We’ve once again reached that point in the NHL season when the league’s general manager’s escape the cold and dreary north and head for warmer temps and cushy confines in south Florida for two days of meetings. Here’s a quick recap of what was discussed at the meetings on Monday and Tuesday.
The salary cap will increase $1 million to $83.5 million for the 2022-23 season, as was previously agreed-upon between the NHL/NHLPA. Today’s news means the league’s financial footing is still solid and no change is required.
The salary cap is scheduled to increase by $1 million each season thru 2024-25, upon which the NHLPA debt will be paid off and the salary cap will then be expected to take a big jump starting 2025-26 (unless league revenues continue to climb and the debt is paid off sooner).
LTIR/Playoff Salary Cap
The general managers agreed to have further dialogue on the long-term injured reserve (LTIR)/playoff salary cap idea at the next meeting in Montreal at the draft in July. The NHL has already had discussions with the NHLPA about LTIR. Bettman said LTIR was discussed with the GMs, but “nobody thinks it’s been abused.” The concern stems from teams over the years appearing to have abused LTIR in order to save cap space during the season and have those same players appear during the playoffs (See Tampa Bay Lightning).
2022 NHL Draft
Commissioner Gary Bettman reiterated that the NHL Draft is still a go for Montreal, July 7-8, and will be held in person at the Bell Centre. Daly added that he didn’t anticipate restrictions being placed on Russian players being drafted.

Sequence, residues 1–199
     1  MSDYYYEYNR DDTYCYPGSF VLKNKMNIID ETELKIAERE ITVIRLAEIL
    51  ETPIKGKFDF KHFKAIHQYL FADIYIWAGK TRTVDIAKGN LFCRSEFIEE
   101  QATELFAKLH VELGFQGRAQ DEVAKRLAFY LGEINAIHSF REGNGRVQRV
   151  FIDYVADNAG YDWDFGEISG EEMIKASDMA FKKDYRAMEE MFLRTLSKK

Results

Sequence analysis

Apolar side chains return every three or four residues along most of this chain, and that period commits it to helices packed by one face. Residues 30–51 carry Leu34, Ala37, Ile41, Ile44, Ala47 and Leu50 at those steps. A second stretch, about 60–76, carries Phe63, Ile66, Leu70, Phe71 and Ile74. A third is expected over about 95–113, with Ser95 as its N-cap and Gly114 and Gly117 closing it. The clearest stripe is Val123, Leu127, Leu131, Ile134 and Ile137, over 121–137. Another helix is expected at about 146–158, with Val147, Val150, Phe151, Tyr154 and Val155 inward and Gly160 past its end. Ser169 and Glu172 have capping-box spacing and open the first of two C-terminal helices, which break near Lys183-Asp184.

World Cup Of Hockey
Deputy commissioner Bill Daly said the next World Cup of Hockey in 2024 won’t have a Team North America youngsters team nor a Team Europe. The event will go back to a traditional field of countries only.
Bill Daly said the league has talked to the NHLPA about changing the way no-trade lists are registered. The idea will be to copy both Central Registry and the NHLPA with the no trade list information. This is in lieu of the Dadonov situation from last week.
According to Sportsnet, NHL commissioner Gary Bettman will be discussing the future of the Ottawa Senators ownership with the late Eugene Melnyk’s daughters and estate, he told reporters after the annual general managers meetings concluded in Palm Beach County, Fla., on Tuesday.
Although he didn’t want to get into specifics, Bettman told reporters he’d be discussing next steps with Melnyk’s daughters, Anna and Olivia, as well as the executor of Melnyk’s estate. Bettman said an ownership structure has been in place and anticipated the franchise to continue operating as it has.